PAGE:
Isolation: the original shame-based solution to human punishment

Is social isolation softening our carrot-and-stick incarceration system?

Residents of Canada first went on lockdown in March of 2020. Since then, the public has felt waves of COVID-19, and felt its impacts on lifestyle and quality of life, as well as legislation. Many compare their homes to prisons, as the mental and physical health implications of social isolation take their toll.

With ten months-and-counting of experience enduring long spells of little-to-no social contact, many missing key holidays and celebrations, as well as collective mourning, have your perceptions of incarceration changed?

Presently, there are countless individuals serving prison sentences for violent crimes, petty crimes, crimes they didn’t commit, or crimes they didn’t understand.

There are people serving sentences by enduring punishment that we, residents enduring social distancing measures, cannot bear.

One first-hand account of solitary confinement taps into our shared suffering — trouble sleeping and spending time meaningfully compounds mental distress.

Those of us who have housemates, friends, and family in close proximity know how valuable these relationships have become in recent times. We stay in touch because, for many of us, we cannot touch. People who are vulnerable to health complications — and their housemates, for that matter — face an impossible dilemma: risk physical health to stay in good mental health, or risk mental health to keep good physical health.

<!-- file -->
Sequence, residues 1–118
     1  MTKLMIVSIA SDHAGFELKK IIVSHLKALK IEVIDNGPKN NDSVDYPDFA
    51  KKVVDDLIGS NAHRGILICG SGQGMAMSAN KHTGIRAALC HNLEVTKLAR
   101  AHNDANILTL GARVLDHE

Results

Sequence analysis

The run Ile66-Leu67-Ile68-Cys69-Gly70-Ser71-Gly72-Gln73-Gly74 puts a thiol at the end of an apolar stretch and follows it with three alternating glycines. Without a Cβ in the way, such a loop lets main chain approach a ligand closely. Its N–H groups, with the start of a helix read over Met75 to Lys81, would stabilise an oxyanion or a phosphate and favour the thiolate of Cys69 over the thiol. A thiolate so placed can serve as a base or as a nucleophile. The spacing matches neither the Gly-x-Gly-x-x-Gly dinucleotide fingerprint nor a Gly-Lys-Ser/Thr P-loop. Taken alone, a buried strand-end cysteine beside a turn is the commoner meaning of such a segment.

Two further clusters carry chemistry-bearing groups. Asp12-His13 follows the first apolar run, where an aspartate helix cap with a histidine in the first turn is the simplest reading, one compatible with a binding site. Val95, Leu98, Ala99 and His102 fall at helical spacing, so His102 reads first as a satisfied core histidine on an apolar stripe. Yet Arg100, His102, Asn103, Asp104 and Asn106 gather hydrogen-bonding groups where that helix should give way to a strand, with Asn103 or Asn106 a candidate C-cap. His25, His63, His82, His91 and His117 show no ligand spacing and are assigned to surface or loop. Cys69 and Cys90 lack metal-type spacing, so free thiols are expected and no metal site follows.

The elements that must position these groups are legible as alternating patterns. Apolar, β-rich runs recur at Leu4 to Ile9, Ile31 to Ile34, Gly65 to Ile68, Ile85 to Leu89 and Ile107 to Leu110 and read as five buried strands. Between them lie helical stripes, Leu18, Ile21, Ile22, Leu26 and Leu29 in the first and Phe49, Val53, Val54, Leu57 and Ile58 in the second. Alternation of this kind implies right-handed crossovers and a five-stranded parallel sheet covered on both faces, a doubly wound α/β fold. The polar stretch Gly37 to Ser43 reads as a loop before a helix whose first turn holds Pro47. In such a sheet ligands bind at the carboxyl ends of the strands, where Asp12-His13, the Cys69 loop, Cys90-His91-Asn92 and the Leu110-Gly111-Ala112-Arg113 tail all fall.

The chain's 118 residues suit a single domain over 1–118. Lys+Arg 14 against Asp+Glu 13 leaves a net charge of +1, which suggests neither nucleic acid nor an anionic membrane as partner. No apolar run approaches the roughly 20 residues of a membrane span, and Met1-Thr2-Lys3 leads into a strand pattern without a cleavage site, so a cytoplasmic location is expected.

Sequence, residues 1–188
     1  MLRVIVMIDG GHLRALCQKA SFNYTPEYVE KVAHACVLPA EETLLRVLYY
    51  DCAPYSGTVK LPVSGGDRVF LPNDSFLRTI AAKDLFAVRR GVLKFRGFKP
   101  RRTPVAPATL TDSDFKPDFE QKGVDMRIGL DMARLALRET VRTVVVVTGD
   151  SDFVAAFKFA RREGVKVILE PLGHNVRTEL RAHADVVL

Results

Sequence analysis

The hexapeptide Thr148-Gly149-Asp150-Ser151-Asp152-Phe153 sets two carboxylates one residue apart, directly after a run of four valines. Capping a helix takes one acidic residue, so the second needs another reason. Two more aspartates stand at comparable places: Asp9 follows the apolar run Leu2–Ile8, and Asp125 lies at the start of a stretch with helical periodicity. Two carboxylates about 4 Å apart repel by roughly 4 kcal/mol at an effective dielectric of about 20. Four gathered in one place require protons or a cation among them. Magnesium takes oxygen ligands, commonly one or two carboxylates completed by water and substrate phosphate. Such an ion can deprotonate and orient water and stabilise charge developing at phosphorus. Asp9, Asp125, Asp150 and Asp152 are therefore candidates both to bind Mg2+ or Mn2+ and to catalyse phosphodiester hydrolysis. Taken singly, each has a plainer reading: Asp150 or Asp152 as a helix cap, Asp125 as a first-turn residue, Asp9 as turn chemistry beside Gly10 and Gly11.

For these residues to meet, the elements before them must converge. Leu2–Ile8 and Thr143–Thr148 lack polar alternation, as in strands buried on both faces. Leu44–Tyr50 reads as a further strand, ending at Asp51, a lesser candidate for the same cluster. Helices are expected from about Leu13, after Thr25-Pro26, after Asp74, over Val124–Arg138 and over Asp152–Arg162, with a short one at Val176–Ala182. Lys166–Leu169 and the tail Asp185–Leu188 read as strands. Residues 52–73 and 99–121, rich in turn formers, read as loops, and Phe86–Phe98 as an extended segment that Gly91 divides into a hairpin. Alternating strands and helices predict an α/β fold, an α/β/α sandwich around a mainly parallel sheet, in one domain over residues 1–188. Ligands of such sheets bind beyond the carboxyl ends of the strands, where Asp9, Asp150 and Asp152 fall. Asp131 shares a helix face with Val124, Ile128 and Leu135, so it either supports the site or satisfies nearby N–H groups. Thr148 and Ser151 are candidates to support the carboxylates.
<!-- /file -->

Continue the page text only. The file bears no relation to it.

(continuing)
It’s hard to imagine what someone serving a prison sentence might feel, not being able to communicate intimately with friends and family while they serve their sentence, and especially now, while prisons are on lockdown due to COVID-19.

There are people even serving sentences for defending and protecting clean water sources that face threat of contamination for industry interests. It is an incredibly violent thing to incarcerate people, as we are learning, but are we learning fast enough?

The NoDAPL Federal Prisoner Support Committee is an organization committed to empowering convicted Water Protectors by telling individual stories, and teaching the public how to support these individuals by writing letters, learning about their causes, and applying political pressure for legislative reform.

Water Protectors are dedicated to protecting and celebrating water as an essential ingredient of life through peaceful protest, traditional Indigenous ceremony, and legal intervention. The Dakota Access Pipeline (DAPL) has been a point of dispute for years, drawing international attention to the human rights violations inflicted on the Indigenous people of North America.

We’re spending a lot of time at home. We’re spending a lot of time in isolation, and that impacts our health, as Statistics Canada research has shown.

The Water Protectors serving their sentences, represented by NoDAPL, need connection like anyone else. Connecting and communicating with these individuals empowers their work, and amplifies their cause.

NoDAPL Federal Prisoner Support Committee teaches the public how to reach these individuals as it takes precision and determination to maintain correspondence within the narrow guidelines that prisons uphold.

This matters. Anyone who feels the cold wind coming from loneliness in isolation knows how much a message or phone call means. Imagine correspondence without privacy or agency.

It is important that we make efforts to connect with one another, especially with those who experience additional barriers to connection.

And most pressing in these instances of political imprisonment: why do we incarcerate people for leading the shift of social values, the intended compass of the legal and prison system?

Winter is coming, and it’s going to bring cold winds of isolation. Connection is a warm bath.


Graphic by Taylor Reddam

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